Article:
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Victor Ochen: The First Ugandan Nominated For A Noble Peace Prize

At age 33, Victor Ochen is the first Ugandan to ever be nominated for the Nobel Peace Prize.

He is a child victim of the LRA war that left several people in northern Uganda dead, injured and traumatized.

It was on these grounds that Victor Ochen founded the African Youth Initiative Network, that works towards the healing of trauma and promoting youth leadership.

Victor Ochen with Bishop Desmond Tutu

Victor Ochen with Bishop Desmond Tutu

Victor Ochen and the African Youth Initiative Network was nominated by American Friends Service Committee (AFSC) who themselves won won the Nobel Peace Prize in 1947.

“Victor Ochen has consistently shown both commitment and effectiveness in his efforts to address the needs of victims. He has worked for transitional justice, while simultaneously promoting human rights through nonviolent means, nourishing the leadership skills of other young people, and challenging systemic issues that lead to the continued vulnerability and suffering of war victims,” the AFSC wrote in its nomination letter.

Victor was born in Lira district and in 2005 he founded the African Youth Initiative Network. ‘His life story mirrors the stories of the populations his organization serves, but he has never allowed his own grief and trauma to coerce him toward violent reactions to the hardships he has faced.’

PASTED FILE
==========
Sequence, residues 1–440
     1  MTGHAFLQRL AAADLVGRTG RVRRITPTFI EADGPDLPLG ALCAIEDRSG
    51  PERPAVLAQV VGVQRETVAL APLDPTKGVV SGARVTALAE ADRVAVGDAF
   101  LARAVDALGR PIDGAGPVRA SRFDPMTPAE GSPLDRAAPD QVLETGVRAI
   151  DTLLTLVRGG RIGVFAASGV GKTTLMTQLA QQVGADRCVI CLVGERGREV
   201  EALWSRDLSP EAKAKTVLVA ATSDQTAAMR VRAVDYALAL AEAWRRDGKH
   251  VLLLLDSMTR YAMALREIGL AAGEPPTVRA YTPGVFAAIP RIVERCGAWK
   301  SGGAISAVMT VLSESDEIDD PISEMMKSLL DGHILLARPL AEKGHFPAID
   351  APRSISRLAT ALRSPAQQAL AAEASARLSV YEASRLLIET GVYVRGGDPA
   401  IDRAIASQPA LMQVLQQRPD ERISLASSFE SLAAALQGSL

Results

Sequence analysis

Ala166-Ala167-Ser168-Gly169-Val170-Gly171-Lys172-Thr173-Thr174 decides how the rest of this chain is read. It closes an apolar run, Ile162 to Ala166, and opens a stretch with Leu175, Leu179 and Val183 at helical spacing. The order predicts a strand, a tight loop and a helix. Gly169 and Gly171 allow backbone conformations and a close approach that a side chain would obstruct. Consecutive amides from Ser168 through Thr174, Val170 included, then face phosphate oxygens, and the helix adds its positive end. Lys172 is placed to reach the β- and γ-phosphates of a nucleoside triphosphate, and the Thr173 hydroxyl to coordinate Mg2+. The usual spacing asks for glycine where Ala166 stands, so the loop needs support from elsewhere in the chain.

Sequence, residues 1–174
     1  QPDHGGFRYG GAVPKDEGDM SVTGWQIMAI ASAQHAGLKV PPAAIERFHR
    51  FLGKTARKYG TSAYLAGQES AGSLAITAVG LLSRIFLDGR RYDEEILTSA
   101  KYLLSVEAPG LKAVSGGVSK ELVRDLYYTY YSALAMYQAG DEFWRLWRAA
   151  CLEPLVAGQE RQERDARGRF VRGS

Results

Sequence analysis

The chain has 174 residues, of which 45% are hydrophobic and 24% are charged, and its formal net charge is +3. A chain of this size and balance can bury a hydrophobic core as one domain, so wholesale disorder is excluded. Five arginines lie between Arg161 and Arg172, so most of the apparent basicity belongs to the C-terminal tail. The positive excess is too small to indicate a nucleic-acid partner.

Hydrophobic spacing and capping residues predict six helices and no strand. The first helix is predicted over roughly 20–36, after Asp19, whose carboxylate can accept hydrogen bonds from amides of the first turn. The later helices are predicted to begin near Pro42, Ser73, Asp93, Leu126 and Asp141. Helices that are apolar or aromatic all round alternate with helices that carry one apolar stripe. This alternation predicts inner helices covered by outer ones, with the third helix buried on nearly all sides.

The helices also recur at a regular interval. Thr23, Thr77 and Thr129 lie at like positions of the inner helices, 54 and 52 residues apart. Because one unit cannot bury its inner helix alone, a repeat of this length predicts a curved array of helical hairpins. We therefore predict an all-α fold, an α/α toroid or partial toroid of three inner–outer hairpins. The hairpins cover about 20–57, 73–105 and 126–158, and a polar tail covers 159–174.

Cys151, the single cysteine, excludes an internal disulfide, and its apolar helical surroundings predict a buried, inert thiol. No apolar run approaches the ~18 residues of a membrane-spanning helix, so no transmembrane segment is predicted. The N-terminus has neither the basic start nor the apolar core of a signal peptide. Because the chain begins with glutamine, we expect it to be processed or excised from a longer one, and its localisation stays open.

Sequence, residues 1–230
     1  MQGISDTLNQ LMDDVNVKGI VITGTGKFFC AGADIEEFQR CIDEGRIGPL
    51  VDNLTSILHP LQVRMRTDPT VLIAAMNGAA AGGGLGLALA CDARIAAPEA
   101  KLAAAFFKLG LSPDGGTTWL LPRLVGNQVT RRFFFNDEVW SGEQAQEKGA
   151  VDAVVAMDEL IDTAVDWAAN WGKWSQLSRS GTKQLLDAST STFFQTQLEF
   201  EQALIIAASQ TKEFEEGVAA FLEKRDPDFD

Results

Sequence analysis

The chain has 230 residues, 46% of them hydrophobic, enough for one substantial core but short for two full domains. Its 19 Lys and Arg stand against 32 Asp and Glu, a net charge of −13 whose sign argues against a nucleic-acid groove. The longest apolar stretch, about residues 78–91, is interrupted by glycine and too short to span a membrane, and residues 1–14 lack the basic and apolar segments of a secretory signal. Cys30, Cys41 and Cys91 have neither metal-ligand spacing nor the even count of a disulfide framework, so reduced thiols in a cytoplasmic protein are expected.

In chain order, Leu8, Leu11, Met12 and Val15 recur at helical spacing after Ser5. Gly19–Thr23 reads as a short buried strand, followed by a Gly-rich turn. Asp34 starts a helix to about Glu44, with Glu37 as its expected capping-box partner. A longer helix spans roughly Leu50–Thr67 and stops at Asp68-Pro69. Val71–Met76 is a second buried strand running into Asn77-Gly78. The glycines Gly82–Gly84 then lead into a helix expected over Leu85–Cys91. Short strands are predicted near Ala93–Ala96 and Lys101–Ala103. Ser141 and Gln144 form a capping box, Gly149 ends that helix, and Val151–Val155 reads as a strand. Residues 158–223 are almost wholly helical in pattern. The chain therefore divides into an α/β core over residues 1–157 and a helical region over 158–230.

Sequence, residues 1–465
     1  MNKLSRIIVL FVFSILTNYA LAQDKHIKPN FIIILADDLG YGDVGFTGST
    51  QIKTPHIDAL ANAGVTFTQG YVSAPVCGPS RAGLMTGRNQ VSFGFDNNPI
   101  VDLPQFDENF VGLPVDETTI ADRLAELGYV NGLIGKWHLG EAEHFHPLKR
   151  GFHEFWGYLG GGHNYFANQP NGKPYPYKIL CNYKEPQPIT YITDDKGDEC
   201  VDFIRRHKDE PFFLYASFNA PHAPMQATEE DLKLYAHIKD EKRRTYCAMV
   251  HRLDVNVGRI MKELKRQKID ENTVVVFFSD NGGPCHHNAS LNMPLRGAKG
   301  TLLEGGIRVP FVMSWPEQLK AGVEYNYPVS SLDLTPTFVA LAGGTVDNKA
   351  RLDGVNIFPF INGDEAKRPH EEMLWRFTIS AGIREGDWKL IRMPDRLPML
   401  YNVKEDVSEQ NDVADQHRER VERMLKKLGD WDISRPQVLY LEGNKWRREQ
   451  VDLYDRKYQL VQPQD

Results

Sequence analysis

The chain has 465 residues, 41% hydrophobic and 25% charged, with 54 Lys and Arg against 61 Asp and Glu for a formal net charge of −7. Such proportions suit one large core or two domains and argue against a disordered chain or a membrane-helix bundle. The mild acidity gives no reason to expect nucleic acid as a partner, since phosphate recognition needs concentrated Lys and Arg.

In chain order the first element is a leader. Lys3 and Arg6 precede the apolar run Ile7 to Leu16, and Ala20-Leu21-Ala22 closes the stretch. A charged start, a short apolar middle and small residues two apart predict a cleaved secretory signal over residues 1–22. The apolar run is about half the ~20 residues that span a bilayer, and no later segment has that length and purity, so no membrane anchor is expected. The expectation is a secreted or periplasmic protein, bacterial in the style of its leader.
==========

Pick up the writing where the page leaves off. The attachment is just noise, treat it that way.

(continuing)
Victor Ochen and African Youth Initiative Network “offer a unique and powerful example to be emulated by marginalized people all over the world. We therefore respectfully request that the Norwegian Nobel Committee recognize Victor Ochen and the African Youth Initiative Network’s work on behalf of victims of violent conflict by awarding them the 2015 Nobel Peace Prize,” AFSC added.

Victor Ochen and AYINET  in an acceptance statement they shared on their website said,

“The nomination is a sign of deep respect for victims and survivors of unspeakable atrocities who, instead of being crushed by war, struggled and regained their dignity that allows them to leave in peace with their fellow humans. Further, it is a recognition for those victims who have devoted their lives to heal others. Many such people represent AYINET today, notably our director and founder, Mr. Victor Ochen.”

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